North Carolina's metropolitan areas – particularly Greensboro and Raleigh – boast some of the highest concentrations of detective jobs in the entire nation. While you don't have to go to a metro area to find a city-based detective job opening, metro areas do tend to offer the widest variety of detective jobs – for example, with departments like the Asheville Police Department and the Raleigh Police Department. In positions like these, you may be assigned to work with police officers who recently opened cases in the city, or to gather evidence for criminal and civil court cases. You can find some job openings from city police departments by running a search for terms like "detective" and "criminal investigator" under the "Jobs" sections of their official websites.
County sheriff's departments
North Carolina's large rural population needs protection too, and some of the state's nonmetropolitan areas offer opportunities for detectives who want to escape city life and serve in a quieter region. The Western North Carolina nonmetropolitan area, for example, offers a high concentration of jobs for detectives who want to tackle cases in small towns, in the open countryside, and anywhere else where crimes are committed outside city limits. These jobs may involve working closely with North Carolina State Police officers, as well as other law enforcement officials who work the areas out of the jurisdiction of metro police forces.
While it's true that you can earn a degree in criminal justice or police science from a wide variety of colleges and universities throughout the U.S., it may be simpler to focus on schools in North Carolina if that's the state where you're planning to work. In reviews of criminal justice programs in North Carolina, certain schools' names tend to be highly recommended. Here are quick profiles of each of them.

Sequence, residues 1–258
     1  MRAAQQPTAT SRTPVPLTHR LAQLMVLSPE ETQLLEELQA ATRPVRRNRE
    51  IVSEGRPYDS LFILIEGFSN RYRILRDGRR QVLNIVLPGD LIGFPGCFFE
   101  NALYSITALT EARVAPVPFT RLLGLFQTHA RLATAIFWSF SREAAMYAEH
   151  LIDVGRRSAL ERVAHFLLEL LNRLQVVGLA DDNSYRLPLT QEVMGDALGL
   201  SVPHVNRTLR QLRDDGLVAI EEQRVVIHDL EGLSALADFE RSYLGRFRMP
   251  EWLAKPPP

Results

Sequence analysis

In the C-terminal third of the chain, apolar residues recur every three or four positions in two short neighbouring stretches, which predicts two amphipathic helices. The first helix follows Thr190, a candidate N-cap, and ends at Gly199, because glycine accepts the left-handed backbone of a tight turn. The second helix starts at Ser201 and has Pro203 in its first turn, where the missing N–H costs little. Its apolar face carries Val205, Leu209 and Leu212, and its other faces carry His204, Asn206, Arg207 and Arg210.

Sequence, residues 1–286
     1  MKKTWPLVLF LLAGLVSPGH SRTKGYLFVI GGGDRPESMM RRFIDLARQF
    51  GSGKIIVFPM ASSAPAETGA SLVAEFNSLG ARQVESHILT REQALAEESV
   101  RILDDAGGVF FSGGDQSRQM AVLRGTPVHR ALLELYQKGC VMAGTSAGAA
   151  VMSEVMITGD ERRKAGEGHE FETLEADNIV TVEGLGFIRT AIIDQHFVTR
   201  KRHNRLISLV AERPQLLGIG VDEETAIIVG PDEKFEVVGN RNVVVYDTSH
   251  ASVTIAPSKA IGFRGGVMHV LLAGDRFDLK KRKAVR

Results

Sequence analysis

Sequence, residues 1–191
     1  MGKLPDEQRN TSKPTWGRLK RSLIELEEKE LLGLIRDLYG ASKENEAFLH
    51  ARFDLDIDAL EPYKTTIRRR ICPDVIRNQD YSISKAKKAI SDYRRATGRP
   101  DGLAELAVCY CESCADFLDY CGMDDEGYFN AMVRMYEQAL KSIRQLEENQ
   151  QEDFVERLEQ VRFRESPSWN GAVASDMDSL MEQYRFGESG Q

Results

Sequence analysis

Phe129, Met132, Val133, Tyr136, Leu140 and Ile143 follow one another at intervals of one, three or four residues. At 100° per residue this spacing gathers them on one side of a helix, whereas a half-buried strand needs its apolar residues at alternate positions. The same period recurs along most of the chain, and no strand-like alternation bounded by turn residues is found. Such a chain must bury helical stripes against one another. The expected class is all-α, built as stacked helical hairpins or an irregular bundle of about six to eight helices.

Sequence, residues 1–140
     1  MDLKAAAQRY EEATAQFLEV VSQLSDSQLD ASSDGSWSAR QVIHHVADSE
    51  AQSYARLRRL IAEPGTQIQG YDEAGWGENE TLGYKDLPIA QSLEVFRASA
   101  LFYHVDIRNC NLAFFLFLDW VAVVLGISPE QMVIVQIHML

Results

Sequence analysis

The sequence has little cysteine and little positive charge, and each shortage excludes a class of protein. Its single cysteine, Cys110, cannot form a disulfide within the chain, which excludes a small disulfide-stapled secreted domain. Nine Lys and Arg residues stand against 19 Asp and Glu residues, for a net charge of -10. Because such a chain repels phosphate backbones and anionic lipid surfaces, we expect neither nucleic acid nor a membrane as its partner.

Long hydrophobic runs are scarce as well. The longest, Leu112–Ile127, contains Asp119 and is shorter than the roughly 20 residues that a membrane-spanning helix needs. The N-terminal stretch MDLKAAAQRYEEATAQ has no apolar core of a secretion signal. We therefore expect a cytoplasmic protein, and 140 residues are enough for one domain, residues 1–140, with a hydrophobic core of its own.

Offered as an area of special focus by NCSU's Department of Sociology and Anthropology, this school's criminology major is designed to provide a broad perspective on the field. That means the major covers a wide range of related disciplines, from sociology and political science to correctional facilities and juvenile delinquency. Many of the school's faculty members are active researchers in these fields, so your classes will offer the most up-to-date perspectives and data on the factors that contribute to crime. Although this program doesn't focus very heavily on patrol work, NCSU's Career Development Center still has a solid track record of placing graduates in field positions with criminal justice agencies around the country.
The UNC school system oversees 16 campuses throughout the state, but the Charlotte campus is the one that's particularly well-known for its criminal justice program. The department's award-winning faculty come from a variety of academic disciplines, including criminology and sociology; as well as from active-duty positions at actual law enforcement agencies. Classroom lectures will give you background in the social issues surrounding crime, while practical labs will cover the latest techniques in evidence analysis. Student organizations like the Criminal Justice Association, Alpha Phi Sigma Honor Society and the Pre-Law Society will also give you opportunities to network with like-minded peers. Study-abroad opportunities and a required senior-year internship will round out your education, and help set you up with an impressive entry-level resume by the time you graduate.
North Carolina A&T offers a criminal justice major that concentrates on practical aspects of crime scene investigation. The school's certificate in Crime Scene Investigation focuses not only on evidence-gathering and basic laboratory work, but also on criminal law and legal communication. A faculty of actual law enforcement professionals and criminology researchers will help provide you with the necessary background to conduct fieldwork, and your lab practice will prepare you to perform effectively as a detective once you graduate. Plus, North Carolina A&T maintains active links with agencies like the FBI and CIA, which can help you land the internship – and eventually the investigative job – that you're hoping for.